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•	Coronavirus: A Guide for Employers – Part 1 - Perthshire Chamber of Commerce

• Coronavirus: A Guide for Employers – Part 1

Coronavirus: A guide for Employers - Part 1

In January this year, we saw the outbreak of Coronavirus in Wuhan, China, but little did we know at the time the impact that this was going to have on the rest of the world and here in the UK.

The number of cases in the UK is continuing to rise and the World Health Organisation has declared Coronavirus a global health emergency. It is therefore important that employers have a plan in place for what they should do if an employee risks bringing the virus into the workplace.

Imagine the scenario where an employee comes into work showing the symptoms of Coronavirus. Is your business prepared for this? Do you know your obligations as an employer in respect of whether an employee should be entitled to sick pay if they (a) have Coronavirus or (b) are in quarantine or self-isolation? This guide will help you implement a policy for this.

Sick Pay when someone is off work due to Coronavirus
It’s worth noting that the business’ usual sick pay policy and pay entitlements under an employee’s contract still apply to anyone who is off sick due to developing symptoms of Coronavirus and they have gone into self-isolation for this reason.

Additionally, where an employee is not sick, but a doctor has advised an employee to not go into work and to self-isolate, they should receive Statutory Sick Pay (“SSP”) for the period they are off work. The doctor should put this into a written notice, however, in practice this may not always happen. Boris Johnson, Prime Minister, also recently announced plans to ensure employees will be entitled to SSP from the first day they are off sick from work rather than the fourth day, as is normally the case, as they should not be penalised for isolating themselves to protect others from getting the virus.

Sick Pay when an Employee is told to self-isolate
If an Employer has reason to suspect that an employee may have Coronavirus (perhaps because an employee has recently travelled to an infected area or has been in close contact with someone who has) then they may tell the employee not to come into work and to self-isolate for 14 days. In this case, the employer should continue to pay the employee as normal unless their employment contract provides otherwise. However, if there is provision for the employee not be paid in their contract in these circumstances then an employer may wish to consider the consequences of this as, without pay, the employee may attempt to attend work and risk potentially infecting others in the work place. It would, therefore, be good practice to continue to pay an employee that you have told to self-isolate irrespective of what is written in their employment contract. Of course, an employer could ask an employee to work from home, where possible, whilst self-isolating themselves.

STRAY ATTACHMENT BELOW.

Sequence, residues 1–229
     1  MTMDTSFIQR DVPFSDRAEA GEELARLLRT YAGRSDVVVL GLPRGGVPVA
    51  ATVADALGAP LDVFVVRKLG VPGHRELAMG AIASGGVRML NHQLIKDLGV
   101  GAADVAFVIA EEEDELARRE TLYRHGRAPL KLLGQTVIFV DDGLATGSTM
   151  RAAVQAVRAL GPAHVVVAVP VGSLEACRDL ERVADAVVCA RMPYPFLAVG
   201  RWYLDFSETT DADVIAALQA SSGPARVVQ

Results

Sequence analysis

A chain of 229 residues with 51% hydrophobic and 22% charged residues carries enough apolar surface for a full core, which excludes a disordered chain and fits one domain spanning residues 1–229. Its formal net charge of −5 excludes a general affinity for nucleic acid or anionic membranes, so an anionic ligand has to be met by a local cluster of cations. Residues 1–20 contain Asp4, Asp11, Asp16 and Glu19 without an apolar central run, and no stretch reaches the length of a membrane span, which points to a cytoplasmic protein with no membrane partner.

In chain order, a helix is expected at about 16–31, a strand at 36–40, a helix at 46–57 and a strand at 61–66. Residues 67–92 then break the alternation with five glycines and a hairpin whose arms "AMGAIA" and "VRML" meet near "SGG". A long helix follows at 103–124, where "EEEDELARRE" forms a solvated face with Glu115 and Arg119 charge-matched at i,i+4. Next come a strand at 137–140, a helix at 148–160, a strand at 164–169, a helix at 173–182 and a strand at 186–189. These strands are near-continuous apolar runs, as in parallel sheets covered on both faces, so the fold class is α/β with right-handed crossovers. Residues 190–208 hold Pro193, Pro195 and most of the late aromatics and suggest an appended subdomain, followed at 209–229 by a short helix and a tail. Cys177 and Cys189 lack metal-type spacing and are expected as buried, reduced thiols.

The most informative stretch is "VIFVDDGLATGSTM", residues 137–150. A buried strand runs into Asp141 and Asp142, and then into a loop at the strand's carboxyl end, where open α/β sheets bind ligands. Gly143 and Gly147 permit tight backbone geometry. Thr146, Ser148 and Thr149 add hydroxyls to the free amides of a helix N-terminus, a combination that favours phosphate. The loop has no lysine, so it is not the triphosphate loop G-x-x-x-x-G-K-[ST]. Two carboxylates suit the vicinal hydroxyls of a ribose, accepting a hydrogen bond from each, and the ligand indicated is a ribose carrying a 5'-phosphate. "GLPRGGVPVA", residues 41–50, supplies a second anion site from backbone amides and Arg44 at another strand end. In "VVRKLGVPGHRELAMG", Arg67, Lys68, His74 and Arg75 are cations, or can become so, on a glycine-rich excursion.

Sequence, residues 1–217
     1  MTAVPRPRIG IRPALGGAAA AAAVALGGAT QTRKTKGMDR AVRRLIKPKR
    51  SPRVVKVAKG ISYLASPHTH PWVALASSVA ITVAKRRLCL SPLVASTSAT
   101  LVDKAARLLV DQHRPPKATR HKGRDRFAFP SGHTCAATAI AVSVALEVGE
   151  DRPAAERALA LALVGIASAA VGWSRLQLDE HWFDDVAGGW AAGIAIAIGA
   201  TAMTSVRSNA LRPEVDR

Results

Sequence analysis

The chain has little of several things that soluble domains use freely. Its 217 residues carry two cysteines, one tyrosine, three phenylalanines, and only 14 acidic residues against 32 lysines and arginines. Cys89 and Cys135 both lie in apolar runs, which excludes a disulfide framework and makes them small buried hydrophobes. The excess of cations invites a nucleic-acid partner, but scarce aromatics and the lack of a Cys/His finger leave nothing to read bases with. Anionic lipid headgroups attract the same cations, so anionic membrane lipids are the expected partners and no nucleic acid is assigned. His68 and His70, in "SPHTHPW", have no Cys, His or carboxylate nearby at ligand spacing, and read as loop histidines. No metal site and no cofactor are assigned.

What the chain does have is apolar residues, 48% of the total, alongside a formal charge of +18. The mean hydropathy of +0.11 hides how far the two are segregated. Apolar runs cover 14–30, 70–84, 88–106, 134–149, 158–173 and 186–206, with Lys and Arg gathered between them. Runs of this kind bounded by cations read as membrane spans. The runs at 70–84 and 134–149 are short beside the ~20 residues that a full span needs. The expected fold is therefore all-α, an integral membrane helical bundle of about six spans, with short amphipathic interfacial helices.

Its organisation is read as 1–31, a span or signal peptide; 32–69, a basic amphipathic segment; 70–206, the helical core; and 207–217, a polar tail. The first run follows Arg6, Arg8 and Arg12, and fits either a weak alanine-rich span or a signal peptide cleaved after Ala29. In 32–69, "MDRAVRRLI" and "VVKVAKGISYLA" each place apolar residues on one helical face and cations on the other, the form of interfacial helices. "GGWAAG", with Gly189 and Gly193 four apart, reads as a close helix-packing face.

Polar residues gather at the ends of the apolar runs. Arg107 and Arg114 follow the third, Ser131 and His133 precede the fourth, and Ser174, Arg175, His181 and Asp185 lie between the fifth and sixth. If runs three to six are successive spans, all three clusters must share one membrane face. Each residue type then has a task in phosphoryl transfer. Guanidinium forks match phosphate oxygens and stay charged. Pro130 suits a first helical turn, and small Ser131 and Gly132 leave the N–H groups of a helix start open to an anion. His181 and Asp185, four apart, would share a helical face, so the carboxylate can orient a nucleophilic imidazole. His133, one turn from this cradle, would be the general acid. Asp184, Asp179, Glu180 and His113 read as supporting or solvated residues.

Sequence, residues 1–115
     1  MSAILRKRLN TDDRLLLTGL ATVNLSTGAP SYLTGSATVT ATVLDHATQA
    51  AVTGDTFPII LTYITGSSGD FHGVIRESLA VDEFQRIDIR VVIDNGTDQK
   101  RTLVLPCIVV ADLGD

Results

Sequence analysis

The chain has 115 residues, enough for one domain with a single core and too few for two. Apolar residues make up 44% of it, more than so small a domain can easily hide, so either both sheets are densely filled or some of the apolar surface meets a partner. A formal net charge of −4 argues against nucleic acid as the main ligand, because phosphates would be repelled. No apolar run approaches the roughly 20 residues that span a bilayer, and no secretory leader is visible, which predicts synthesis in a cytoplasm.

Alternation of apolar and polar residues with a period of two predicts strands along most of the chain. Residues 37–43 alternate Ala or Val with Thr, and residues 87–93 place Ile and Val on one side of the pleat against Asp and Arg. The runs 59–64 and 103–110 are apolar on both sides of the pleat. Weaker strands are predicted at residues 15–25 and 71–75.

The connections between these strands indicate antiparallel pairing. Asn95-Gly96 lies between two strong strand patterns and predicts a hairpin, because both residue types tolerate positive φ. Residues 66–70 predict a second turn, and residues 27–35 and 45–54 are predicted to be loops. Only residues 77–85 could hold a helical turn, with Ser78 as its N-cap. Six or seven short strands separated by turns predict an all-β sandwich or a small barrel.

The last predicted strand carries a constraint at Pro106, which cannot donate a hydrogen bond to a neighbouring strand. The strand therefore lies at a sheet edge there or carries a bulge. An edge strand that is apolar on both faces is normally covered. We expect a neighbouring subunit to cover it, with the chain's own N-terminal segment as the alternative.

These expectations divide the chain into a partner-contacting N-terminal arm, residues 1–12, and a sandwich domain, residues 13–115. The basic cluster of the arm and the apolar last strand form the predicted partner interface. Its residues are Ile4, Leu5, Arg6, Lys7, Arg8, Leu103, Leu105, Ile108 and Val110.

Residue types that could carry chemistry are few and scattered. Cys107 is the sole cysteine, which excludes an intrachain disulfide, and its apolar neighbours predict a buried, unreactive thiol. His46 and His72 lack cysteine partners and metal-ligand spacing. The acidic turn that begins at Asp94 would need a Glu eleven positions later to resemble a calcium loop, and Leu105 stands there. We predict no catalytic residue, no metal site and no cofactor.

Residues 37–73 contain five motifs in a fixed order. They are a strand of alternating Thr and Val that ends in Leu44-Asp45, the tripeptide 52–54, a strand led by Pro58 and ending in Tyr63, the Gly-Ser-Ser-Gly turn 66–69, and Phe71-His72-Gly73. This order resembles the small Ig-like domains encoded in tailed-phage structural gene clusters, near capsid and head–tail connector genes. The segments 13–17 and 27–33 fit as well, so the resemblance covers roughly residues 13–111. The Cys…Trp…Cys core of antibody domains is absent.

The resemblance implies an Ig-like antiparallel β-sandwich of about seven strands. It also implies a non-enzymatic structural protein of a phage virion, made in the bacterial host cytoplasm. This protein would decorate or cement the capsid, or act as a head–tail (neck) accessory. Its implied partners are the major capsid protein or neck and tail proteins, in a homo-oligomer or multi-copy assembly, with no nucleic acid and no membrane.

Sick Pay when an Employee refuses to attend work
An employee may be reluctant to come into work due to the risks of them potentially catching the virus. This may be understandable particularly if they have underlying health conditions making them more susceptible to the virus. However, in this case where an employee chooses to self-isolate but without advice to do so from the employer or a doctor, an employer is not bound to pay the employee and they are not entitled to SSP.

Advisory, Conciliation and Arbitration Service' (ACAS) advice in this circumstance would be for an employer to try to reassure the employee to listen to any concerns that an employee may have and highlight any measures that are being put in place in the workplace to prevent or minimise any spread of infection.

Again an employer could also suggest that the employee could work from home or alternatively could offer flexible working if possible. Additionally, an agreement could be made that an employee takes some annual leave or unpaid leave although the employer is not obliged to suggest or agree to this. ACAS does highlight however, that if an employee still refuses to attend work unreasonably then the employer can take disciplinary action. Of course, an employer may also wish to consider the effect of fear of catching Coronavirus can do to an employee’s mental health. If an employee takes time off for stress or anxiety as a result of their concerns regarding Coronavirus then the employee would be entitled to sick pay under the employer’s normal procedures.

Perhaps the best advice to give to employers at the moment is that if you are in doubt regarding your obligations to employees and sick pay entitlement then get in touch with the Blackadders Employment Team who are on hand to deal with your queries.

Fiona Knox, Trainee Solicitor
Employment Law
Blackadders LLP
@EmpLawyerFiona

www.blackadders.co.uk

 

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